1. Stop bullying on the spot

Take these steps:

  • Intervene immediately. It is okay to get another adult to help.
  • Separate the children involved.
  • Make sure that everyone is safe.
  • Meet any immediate medical or mental health needs.
  • Stay calm and model respectful behavior. Reassure the children involved, including bystanders.

Avoid these common mistakes:

  • Do not ignore it. Do not think children can work it out without adult help.  
  • Do not immediately try to sort out the facts.  
  • Do not force other children to say publicly what they saw.
  • Do not question the children involved in front of other children.
  • Do not talk to the children involved together—talk to them only separately.
  • Do not make the children involved apologize or patch up relations on the spot.

Get police help or medical attention immediately if:

  • A weapon is involved.
  • There is serious bodily harm/sexual abuse or there are threats of serious physical injury.
  • There are threats of hate-motivated violence, such as racism or homophobia or anyone accused of an illegal act such as robbery or extortion.

2. Find out what happened

Get the facts:

  • Separate all of the involved students.
  • Get the story from several sources, both adults and students.
  • Listen without blaming.
  • Do not call the act “bullying” while you are trying to understand what happened.

Determine if it is bullying:

  • What is the history between the students involved? Have there been past conflicts?
  • Is there a power imbalance? Remember that imbalance is not limited to physical strength. It is sometimes not easily recognized. If the targeted student feels like there is a power imbalance, there probably is.
  • Has this happened before? Is the student worried that it will happen again?
  • Have the students dated? There are special responses for teen dating violence.
  • Are any of the students involved in a gang? Gang violence has different interventions.

3. Support ALL students involved

Support the students who are bullied:

  • Listen to and focus on the student.
  • Assure the student that bullying is not his or her fault.
  • Know that students who are bullied may struggle with talking about it.
  • Give advice about what to do.
  • Work together to resolve the situation and protect the bullied student.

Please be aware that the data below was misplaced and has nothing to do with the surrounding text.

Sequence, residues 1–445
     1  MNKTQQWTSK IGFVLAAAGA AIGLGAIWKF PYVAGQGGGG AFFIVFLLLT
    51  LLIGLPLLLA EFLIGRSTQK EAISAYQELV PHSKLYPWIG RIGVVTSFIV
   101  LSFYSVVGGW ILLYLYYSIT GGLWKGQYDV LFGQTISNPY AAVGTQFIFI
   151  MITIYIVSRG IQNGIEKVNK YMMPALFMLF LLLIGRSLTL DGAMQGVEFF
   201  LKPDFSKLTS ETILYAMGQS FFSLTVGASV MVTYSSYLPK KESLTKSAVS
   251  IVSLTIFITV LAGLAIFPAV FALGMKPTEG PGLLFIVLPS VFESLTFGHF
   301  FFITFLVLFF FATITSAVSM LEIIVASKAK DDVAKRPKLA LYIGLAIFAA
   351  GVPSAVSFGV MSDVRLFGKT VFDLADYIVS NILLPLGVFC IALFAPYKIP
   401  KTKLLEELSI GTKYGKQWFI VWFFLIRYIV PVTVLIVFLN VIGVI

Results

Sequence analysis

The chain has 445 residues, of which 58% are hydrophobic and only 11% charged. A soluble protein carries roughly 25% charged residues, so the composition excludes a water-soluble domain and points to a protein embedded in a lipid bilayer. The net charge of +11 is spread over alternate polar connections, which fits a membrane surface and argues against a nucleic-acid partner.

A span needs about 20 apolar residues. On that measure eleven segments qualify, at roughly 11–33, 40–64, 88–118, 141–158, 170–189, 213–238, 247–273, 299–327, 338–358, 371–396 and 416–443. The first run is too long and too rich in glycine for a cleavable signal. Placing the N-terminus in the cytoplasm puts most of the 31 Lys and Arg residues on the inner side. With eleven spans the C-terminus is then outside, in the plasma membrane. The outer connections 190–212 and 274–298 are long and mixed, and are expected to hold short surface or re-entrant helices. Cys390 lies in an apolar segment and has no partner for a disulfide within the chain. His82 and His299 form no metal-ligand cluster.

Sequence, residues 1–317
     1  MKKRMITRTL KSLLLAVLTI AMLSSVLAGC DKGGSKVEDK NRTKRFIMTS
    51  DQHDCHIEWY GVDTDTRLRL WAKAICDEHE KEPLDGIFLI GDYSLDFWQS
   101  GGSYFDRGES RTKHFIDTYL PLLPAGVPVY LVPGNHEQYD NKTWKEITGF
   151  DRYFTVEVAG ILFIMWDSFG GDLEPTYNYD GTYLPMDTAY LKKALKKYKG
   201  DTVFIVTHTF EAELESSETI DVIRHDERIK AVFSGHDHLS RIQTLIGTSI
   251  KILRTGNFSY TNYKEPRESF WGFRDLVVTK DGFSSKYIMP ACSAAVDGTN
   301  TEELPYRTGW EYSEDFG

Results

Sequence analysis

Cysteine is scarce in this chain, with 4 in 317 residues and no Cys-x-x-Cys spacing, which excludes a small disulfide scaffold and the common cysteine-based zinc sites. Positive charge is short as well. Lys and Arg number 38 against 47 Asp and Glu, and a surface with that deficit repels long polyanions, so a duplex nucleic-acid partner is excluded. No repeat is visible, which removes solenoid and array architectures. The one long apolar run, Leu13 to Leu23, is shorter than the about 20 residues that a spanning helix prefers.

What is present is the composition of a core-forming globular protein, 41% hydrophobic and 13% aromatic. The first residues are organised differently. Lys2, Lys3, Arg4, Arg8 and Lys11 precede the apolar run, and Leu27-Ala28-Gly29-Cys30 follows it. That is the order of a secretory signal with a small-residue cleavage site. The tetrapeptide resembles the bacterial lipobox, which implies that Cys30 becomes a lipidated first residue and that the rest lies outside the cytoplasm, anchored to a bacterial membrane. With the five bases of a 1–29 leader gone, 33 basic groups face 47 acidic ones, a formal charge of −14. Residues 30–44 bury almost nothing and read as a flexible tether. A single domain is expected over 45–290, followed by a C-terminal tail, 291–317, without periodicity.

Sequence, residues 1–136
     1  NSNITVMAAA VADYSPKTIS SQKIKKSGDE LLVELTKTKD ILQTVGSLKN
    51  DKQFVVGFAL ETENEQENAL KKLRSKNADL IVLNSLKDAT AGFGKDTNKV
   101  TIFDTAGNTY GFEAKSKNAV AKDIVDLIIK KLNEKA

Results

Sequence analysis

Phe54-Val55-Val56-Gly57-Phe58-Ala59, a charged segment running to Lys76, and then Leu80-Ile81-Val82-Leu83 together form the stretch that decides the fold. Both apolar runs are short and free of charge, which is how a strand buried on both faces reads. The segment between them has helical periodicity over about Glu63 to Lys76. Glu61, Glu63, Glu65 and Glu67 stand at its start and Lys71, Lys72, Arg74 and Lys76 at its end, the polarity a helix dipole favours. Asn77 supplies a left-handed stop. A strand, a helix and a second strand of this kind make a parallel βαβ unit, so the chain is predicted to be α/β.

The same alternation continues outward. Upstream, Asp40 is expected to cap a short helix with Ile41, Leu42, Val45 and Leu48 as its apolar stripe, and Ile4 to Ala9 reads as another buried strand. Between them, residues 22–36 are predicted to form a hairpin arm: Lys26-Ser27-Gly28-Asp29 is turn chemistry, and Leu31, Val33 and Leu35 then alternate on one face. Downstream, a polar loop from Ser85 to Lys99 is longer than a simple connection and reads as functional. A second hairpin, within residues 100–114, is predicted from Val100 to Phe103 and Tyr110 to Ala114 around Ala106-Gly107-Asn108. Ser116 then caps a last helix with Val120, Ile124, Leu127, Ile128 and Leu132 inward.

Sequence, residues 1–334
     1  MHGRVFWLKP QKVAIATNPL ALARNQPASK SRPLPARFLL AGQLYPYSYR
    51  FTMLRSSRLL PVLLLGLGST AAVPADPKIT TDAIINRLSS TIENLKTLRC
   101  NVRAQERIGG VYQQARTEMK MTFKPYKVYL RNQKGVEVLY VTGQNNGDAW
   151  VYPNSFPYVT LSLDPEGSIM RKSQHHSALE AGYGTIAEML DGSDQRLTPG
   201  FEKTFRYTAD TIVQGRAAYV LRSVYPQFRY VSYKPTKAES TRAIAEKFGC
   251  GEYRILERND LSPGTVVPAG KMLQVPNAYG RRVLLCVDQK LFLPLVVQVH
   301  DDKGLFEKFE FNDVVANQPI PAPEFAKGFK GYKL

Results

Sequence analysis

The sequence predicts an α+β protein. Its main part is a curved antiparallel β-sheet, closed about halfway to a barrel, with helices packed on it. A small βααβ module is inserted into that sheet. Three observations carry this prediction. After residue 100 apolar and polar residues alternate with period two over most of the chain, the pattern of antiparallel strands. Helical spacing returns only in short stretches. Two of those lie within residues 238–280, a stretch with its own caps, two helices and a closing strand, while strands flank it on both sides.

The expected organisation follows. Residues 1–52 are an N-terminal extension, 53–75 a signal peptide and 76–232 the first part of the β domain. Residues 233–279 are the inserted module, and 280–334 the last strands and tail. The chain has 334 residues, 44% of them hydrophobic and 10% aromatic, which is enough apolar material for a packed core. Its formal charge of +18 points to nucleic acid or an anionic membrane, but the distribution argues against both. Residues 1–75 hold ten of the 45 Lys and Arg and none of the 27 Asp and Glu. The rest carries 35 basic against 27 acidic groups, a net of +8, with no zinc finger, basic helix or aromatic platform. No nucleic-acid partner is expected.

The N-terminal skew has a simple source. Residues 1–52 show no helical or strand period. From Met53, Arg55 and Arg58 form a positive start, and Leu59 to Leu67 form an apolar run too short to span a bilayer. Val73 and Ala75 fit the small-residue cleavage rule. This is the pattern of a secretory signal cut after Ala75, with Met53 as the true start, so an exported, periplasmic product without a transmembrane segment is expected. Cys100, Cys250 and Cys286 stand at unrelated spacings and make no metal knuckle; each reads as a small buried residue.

• Be persistent.
  • Follow up.

Address the one who bullied:

  • Make sure the student knows what the problem behavior is.
  • Show students that bullying is taken seriously. You may use consequences.
  • Work with the student to understand the reasons why he or she is bullied.
  • Involve the student who bullied in making amends or repairing the situation.
  • Avoid strategies that do not work or have negative consequences.
  • Follow up. 

Support bystanders who witness bullying by suggesting to:

  • Spend time with the students being bullied at school. Talk with them, sit with them at lunch, or play with them at recess.
  • Listen to them.
  • Call, at home, the student being bullied to offer encouragement and give advice.
  • Tell an adult who you trust, like your teacher or coach.
  • Set a good example. Do not bully others.
  • Send a text message or at a later time go up to the student who was being bullied and say, “That wasn’t cool” and “I’m here for you.”
  • Help the student being bullied get away from the situation.
  • Help the student being bullied tell an adult.
  • Take away the audience by choosing not to watch and walk away.
  • Be kind at another time to the student being bullied.
  • Tell the student being bullied that you do not like the bullying and ask if you can do anything to help.
  • Tell the student doing the bullying that you do not like it and to stop doing it (but only if it feels safe to do so).
  • Distract the student doing the bullying or offer an escape for the student being bullied by saying something like, “Mr. Smith needs to see you right now” or “Come on, we need you for our game” (but only if it feels safe to do so).
  • Do not combat violence with violence. It takes a lot of courage for someone to step up on behalf of a bullied student. Do not, however, use insults or physical violence to defend the student being bullied. Now is not the time to show off. You will most likely only make it more difficult for the student.
  • Do not get discouraged if you have already talked to the teachers and nothing happened. Keep trying. Teachers and other school authorities will respond if they find out that the bullying is becoming a recurring problem. Try talking to other teachers and counselors so that you can get more people involved in trying to stop the situation.
  • If you feel that this is none of your business, put yourself in the shoes of the student being bullied. Bullying can cause severe anxiety, depression, anger, and frustration and can turn the bullied student’s life into a nightmare. You would not want to feel that way.
  • Look for opportunities to contribute to the anti-bullying culture of your school through creating posters, stories, or films. 

*** If the one bullying is still enraged, you first need to calm him/her down. This is appropriate when no weapon in present. If the student has a weapon, you simply need to cooperate.